Stock-take on Forest Finance 

May 27, 2024 | News

Last week I attended the International Forest Business Conference in Poland. We were a mix of mostly European and North American players in the forest sector. From the investment community to forest managers, sawmillers, consultants, tech providers, nature-based solutions project developers, academia and more. We really had the full range of players extending throughout the forest value chain – maybe only construction and other end markets were missing. 

This week I’m taking stock on the key themes in forest investment as discussed at the event – new and old and my takeaways from this highly engaging event. 

Evolution is apparent throughout forest value chains and investment

  • Chinese wood markets: In a presentation from Margules Groome, we learned the details surrounding the growing Chinese wood market. China’s increasing wood demand is resulting in an increase in their own wood supply. However, due to low availability of suitable land for planted forests, China will continue to rely heavily on imports. Margules Groome also presented on how they support their clients with climate-related financial disclosures.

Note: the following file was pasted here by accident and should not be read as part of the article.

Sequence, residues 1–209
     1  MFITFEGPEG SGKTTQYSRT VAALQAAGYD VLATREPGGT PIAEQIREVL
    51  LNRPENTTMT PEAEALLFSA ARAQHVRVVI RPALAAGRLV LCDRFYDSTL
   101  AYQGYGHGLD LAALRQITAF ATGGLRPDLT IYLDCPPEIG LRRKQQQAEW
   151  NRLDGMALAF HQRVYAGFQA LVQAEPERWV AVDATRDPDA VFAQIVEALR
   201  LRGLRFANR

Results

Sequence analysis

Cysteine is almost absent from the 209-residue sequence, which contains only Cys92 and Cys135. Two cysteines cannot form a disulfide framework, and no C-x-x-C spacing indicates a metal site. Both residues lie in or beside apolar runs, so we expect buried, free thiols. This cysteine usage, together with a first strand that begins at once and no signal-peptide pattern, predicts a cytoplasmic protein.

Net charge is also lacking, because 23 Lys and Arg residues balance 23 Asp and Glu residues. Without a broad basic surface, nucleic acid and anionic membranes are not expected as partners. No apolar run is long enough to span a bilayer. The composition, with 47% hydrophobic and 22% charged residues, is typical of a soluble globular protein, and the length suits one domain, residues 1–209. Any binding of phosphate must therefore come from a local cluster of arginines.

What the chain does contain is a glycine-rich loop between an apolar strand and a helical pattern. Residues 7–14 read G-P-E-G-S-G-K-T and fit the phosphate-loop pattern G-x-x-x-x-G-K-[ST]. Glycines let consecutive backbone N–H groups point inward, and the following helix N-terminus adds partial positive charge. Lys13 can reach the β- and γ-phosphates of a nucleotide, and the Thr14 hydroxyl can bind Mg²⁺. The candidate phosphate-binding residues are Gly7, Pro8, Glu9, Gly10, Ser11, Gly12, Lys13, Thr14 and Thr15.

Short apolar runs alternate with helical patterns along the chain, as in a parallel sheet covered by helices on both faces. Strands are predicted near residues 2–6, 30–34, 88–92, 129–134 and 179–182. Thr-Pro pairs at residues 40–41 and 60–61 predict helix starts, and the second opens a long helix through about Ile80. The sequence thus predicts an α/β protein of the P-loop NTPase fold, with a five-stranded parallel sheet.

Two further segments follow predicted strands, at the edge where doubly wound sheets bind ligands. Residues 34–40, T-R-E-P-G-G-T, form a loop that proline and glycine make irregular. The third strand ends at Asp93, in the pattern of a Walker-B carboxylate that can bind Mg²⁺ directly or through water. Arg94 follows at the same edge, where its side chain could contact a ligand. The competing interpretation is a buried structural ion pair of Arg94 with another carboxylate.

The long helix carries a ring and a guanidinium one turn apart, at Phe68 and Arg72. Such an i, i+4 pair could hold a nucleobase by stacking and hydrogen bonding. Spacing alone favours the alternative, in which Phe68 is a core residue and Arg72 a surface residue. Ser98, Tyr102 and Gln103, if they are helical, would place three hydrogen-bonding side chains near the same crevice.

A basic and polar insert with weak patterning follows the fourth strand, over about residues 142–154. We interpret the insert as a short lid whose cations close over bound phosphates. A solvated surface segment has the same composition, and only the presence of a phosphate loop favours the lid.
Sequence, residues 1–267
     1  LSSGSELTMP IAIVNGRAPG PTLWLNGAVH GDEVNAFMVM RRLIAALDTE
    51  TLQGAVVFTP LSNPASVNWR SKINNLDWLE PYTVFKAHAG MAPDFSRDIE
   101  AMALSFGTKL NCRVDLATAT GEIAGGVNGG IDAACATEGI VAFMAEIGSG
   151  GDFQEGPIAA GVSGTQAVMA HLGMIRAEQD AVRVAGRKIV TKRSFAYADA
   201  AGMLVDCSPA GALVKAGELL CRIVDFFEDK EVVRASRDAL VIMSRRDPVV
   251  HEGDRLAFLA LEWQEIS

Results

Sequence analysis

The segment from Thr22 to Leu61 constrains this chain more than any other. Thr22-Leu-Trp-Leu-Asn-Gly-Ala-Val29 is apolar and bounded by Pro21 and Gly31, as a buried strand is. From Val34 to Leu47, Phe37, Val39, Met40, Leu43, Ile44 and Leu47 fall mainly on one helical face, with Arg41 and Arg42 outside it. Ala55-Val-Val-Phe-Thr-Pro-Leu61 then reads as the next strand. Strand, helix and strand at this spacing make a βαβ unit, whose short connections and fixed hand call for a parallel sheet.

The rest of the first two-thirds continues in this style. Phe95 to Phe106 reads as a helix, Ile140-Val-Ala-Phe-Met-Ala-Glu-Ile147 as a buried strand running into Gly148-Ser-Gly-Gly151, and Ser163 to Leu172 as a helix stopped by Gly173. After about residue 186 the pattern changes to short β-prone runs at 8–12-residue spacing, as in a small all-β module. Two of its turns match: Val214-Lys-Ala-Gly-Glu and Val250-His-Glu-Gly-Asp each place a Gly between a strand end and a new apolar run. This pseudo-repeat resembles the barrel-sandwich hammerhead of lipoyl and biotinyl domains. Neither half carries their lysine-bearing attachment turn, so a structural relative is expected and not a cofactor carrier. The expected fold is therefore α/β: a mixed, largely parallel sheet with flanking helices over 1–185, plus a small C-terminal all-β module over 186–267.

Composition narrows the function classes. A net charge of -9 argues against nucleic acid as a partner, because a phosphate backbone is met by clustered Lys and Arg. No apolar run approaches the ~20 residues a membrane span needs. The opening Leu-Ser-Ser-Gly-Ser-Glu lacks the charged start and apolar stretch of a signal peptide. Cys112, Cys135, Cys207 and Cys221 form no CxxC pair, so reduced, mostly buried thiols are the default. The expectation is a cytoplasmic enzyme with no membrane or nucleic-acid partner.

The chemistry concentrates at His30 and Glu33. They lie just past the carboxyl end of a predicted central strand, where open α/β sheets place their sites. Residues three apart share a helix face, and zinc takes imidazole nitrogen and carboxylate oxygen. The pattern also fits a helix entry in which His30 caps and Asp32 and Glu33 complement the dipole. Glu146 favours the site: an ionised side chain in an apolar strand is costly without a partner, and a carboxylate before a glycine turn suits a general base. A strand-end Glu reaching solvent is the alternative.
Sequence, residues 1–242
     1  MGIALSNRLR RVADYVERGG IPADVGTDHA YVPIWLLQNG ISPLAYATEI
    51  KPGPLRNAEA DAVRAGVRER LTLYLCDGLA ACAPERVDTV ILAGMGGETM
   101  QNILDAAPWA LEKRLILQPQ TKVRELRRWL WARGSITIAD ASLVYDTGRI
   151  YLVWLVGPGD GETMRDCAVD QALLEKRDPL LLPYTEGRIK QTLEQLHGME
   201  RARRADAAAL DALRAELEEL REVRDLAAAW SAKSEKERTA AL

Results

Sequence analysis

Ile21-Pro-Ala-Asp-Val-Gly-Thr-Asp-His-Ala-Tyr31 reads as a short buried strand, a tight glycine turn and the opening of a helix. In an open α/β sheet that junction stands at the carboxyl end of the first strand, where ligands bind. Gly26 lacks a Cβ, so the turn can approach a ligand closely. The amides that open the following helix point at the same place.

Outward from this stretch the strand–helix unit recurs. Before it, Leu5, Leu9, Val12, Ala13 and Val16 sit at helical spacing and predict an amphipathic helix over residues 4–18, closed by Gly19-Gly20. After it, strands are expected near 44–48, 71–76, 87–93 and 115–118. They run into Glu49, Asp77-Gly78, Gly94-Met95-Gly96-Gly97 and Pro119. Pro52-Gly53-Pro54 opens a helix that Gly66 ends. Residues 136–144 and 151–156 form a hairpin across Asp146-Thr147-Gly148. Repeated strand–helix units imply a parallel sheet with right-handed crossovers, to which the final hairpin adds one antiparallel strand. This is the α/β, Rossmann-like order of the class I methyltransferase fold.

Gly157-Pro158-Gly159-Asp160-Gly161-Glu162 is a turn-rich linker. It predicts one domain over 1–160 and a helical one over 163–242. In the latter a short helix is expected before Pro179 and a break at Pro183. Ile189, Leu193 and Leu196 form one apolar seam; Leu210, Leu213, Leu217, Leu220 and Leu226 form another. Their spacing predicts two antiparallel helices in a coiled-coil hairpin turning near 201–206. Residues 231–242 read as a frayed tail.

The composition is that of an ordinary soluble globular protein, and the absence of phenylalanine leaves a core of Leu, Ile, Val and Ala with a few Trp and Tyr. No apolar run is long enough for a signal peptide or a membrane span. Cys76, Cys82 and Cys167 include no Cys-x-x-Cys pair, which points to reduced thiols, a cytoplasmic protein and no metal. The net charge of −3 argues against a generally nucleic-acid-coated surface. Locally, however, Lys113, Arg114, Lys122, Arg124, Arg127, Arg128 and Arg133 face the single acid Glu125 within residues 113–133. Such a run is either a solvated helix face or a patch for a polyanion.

• Diversified wood products: In a presentation by The Price Companies, we learned the evolution of this highly diversified company. Particularly interesting was Price’s CEO’s perspectives on the dynamic wood basket in the US, where it is evolving to include products like textiles, and sustainable aviation fuels. Also noted was the tendency for populations to be moving out of traditional timber growing regions, and the need to speed up wood market development to provide employment opportunities. 
  • TIMOs in emerging markets: Unique presented on Timberland Investment Management activity in emerging markets, which they estimate to be home to 10-15% of global forest investment activity (54% in the US, 24% in Oceania, 9% in Latin America and 13% in other geographies). In their reflection on increasing emerging market appetite due to the emergence of carbon markets, they have found that $5/carbon credit increase can result in up to 1% IRR upside (depending on project features). Unique also presented eco-acoustics and camera trapping for biodiversity monitoring that they help their clients with.